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If on the Ukrainian side of the trench there are four-legged warriors detecting landmines, on the Russian side there are finned mammals controlling the waters of the Black Sea, ready to stop enemy divers.
Patron, the four-legged warrior of the Ukrainian army who has already detected more than 150 Russian mines
The US Naval Institute (USNI) analyzed satellite images of the port of Sevastopol, in Crimea – which has been a territory occupied by Russia since 2014 –, and concluded that there are two compartments with dolphins there, trained by the Russian army since February, the month in which the war began. The reason? Possibly to protect the fleet there from a possible underwater attack by Ukrainian forces.
— U.S. Naval Institute (@NavalInstitute) April 27, 2022
According to USNI analysis, the ships anchored in Sevastopol — crucial point of the Russian Navy — are located outside missile range, however, are “vulnerable to underwater sabotage”.
Transforming these animals into defense artillery already remote from the Soviet Union, when a dolphin training unit was created to detect underwater weapons, based in Kazachya Bukhta, where it remains today. The collapse of the USSR meant that the program passed into the hands of the Ukrainian army, which barely kept it operational, and in 2014, with the annexation of Crimea, it returned to the control of the Russian Navy.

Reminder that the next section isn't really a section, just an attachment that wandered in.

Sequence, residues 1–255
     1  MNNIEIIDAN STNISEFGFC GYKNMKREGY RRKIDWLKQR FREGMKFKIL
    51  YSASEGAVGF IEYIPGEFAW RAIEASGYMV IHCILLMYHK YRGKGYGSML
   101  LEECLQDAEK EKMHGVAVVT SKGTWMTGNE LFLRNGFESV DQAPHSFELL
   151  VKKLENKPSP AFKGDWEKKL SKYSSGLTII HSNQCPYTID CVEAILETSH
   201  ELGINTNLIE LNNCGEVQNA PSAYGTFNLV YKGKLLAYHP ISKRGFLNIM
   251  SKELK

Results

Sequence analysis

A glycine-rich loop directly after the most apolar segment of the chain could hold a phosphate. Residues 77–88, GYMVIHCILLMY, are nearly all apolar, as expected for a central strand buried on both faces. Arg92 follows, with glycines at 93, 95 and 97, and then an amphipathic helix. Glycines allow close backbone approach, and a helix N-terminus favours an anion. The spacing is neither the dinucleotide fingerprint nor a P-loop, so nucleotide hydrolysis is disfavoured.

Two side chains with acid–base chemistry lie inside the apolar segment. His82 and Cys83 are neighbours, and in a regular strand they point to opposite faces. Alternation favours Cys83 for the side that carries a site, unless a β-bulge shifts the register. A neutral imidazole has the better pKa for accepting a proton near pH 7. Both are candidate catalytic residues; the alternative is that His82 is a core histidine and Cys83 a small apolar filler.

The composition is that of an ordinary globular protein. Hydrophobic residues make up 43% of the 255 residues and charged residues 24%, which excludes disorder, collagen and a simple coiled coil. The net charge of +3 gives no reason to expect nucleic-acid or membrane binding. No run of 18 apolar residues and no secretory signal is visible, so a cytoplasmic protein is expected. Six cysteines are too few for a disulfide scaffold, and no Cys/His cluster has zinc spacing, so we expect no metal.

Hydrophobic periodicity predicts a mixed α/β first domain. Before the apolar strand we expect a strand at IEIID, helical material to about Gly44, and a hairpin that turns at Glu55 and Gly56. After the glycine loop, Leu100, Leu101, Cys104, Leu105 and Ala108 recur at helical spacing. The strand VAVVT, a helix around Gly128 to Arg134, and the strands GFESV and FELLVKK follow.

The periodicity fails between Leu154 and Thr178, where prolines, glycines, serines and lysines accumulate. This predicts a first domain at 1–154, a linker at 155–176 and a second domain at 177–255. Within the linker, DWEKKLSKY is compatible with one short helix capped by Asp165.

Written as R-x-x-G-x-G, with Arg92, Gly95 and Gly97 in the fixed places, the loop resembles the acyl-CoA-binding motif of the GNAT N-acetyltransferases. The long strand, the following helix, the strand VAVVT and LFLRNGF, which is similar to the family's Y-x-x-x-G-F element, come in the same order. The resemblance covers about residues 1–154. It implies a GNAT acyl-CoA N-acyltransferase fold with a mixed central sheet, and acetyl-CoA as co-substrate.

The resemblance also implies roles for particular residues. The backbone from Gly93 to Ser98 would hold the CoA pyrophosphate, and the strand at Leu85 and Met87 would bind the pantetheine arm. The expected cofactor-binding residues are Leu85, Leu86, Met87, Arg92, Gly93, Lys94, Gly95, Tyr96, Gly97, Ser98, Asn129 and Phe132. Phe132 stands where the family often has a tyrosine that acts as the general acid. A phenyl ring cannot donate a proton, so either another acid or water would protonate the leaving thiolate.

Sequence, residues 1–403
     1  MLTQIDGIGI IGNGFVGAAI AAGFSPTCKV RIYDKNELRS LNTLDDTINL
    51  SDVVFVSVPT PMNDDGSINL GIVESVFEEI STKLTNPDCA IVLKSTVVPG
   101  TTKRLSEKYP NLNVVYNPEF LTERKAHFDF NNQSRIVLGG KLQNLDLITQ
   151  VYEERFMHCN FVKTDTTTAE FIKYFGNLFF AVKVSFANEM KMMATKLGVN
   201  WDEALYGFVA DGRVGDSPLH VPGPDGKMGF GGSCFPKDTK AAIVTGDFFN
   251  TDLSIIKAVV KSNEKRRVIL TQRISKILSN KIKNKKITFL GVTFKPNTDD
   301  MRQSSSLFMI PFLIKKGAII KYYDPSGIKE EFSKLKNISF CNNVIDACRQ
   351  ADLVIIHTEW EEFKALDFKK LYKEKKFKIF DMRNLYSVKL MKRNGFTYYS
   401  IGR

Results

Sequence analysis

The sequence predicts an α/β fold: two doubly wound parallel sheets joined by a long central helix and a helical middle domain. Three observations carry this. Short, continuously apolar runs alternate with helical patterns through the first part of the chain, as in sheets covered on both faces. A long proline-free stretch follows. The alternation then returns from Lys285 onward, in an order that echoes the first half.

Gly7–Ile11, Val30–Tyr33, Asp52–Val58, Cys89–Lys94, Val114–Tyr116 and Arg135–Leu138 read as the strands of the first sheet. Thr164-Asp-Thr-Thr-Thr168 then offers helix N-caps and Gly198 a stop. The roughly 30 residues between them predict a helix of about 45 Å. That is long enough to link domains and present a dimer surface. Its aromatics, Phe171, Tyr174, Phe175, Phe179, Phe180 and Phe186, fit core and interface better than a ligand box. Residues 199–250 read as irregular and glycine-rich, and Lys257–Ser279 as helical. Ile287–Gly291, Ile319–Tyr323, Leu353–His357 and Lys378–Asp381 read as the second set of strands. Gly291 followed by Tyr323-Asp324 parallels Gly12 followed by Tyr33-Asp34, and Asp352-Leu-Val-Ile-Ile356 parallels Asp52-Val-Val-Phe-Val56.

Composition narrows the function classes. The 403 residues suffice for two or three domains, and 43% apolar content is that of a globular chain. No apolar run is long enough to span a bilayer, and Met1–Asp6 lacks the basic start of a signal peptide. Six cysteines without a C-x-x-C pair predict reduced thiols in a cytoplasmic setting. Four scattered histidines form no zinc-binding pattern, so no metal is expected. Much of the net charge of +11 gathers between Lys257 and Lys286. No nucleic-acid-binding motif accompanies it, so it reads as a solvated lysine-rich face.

Two years later, in 2016, Agence-France Presse reported on Moscow’s plans to buy five dolphins with “perfect teeth and killer instinct”, launching a bidding process for a contract worth 1.75 million rubles (about 20,000 euros) to deliver them to the Sevastopol base by the end of the summer. It is unclear whether the dolphins believed to be currently in Sevastopol are these.
As early as 2020, Forbes reported, evidence emerged that Russia sent trained dolphins to the naval base in Tartus, Syria, during the war in this Middle Eastern country. After all, what evidence? Again, satellite images dated 2018.
But earlier, in 2019, a white whale, or beluga, was found by a Norwegian vessel wearing a harness, which read: “equipment from Saint Petersburg”. Norwegian experts considered this to be an animal trained by the Russian navy for espionage.
White whale in Norwegian seas could be Russian spy weapon
When the news broke, Colonel Viktor Baranets denied the allegations in statements to Russian television Govorit Moskva, admitting that:
But we have military dolphins that we use for combat roles, we don’t hide that. in Sevastopol [na Crimeia] We have a center for military dolphins, trained to solve various tasks: from analyzing the seabed to protecting a section of water, murdering foreign divers, laying mines on the hulls of foreign ships”, quoted the BBC at the time.
In turn, during the Cold War, the US Navy took advantage of dolphins’ echolocation capabilities to detect mines and other objects that endangered the lives of combatants.